I’ve had work to do all weekend. Not this column—this I reserve specifically for Sunday nights as part of my easing-back-into-real-weekday-life ritual; effigies are also burned—but other work, pages to read, grammar to correct, and some mindless filling out of labels. To be blunt, I haven’t done jack shit over the last two days.
My time? I’d hardly call it misspent. Friday was my mother’s birthday—she’s a saint, you’d love her—and Saturday, my wife and I went grocery shopping and picked up some odds and ends in a weird bit of playing house before we actually buy one hopefully later this year. Tonight we went to the movies and saw Django Unchained. Now it’s 11 p.m. on a Sunday night, by the time I wake up tomorrow the week will have already started and I don’t have shit to show. Before I even get going, I’m behind.
Perhaps you can relate.
Or perhaps you’re one of the other kind of people, who are ultra-responsible all the time, never blow off a bit of work on a Saturday to, say, spend seven hours playing videogames under the auspices of recovering from a still-lingering cold. If that’s you, congratulations.
In fairness, I do still have the cold. It spent the better part of last week kicking my ass around the block and even at the movies, I had more than enough time with Quentin Tarantino’s languid pacing for a number of coughing fits. But I’m better than I was and certainly well enough to have looked over the pages of the next issue of our sister publication, New Jersey Beers & Bars, which is supposed to go to press even as this week’s Aquarian is also finalized. We’re multitaskers around Arts Weekly HQ. To wit, my other job.
Now, I’ve no doubt that this work will get done, but I’ve hit an unfortunate point in the life of every procrastinator whereat it stops being fun. I no longer enjoy putting off the work I need to do, and so I actually need to do it.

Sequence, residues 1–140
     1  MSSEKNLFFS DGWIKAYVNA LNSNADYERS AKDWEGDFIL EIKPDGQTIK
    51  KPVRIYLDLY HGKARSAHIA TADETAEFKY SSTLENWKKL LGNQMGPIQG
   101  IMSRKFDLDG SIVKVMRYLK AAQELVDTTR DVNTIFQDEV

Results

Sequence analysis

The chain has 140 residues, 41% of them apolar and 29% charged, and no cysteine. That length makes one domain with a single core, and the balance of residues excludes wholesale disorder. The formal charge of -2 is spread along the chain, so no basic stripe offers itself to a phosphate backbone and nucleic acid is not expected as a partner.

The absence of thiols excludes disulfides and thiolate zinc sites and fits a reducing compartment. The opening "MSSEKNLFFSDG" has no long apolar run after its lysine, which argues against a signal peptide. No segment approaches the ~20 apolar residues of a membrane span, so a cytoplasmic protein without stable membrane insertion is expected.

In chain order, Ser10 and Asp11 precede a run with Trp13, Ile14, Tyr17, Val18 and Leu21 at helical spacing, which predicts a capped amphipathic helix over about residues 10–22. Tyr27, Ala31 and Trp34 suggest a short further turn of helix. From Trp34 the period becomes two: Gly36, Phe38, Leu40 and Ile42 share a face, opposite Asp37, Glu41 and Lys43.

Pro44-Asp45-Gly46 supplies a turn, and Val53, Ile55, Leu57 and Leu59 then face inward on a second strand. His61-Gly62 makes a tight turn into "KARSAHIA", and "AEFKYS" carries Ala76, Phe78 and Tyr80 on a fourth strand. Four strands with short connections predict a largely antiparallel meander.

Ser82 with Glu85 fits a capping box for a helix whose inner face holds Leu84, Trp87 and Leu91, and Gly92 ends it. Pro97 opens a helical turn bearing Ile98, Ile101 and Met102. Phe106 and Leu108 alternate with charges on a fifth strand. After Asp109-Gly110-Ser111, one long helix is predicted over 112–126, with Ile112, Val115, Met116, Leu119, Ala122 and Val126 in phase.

Once in fourth grade, I had to make a project about the solar system. I’d been given the assignment two weeks in advance. The Sunday before it was due, I told my mother who just this past Friday celebrated her birthday about the task and, well, she basically made the whole damn thing for me. I heard about it, of course—some 20-plus years later, I still hear about it if the occasion’s right and you’d be surprised how often it is—but I was at the point then too that what I wanted to put off further could no longer be put off. Time to do your homework, kid.
Would that my mother had an editor’s eye. Or, for that matter, that I had one.
But in life one must make the most of what one has, and I apparently have a keen desire to play around during play-around time, which at least officially, the weekend still is. Otherwise, I’d be at the office, annoyed at all the playing around I wasn’t getting done. And in case there was any doubt I’m firmly entrenched in my 30s, yes, I do consider a Saturday night trip to Fairway a bit of fun.
As I can no longer put off doing this work and must get to it before I get too tired, what little eye I have abandons me altogether and the words start to bleed one into the next, I suppose the lesson I should learn here isn’t necessarily to do my work over the weekend, but rather to arrange my week so that I’m not stuck having to do it over the weekend in the first place, i.e., don’t put it off and say I’ll do it later. You think it’ll work?
Not this time.
Still, I can’t say I regret having “wasted” the last two days in the manner I did, so if the only thing lost is a little more sleep, well, I never much cared for sleeping anyway.
However you end up spending or not spending your time, I hope it satisfies, because we can all only do it later for so long.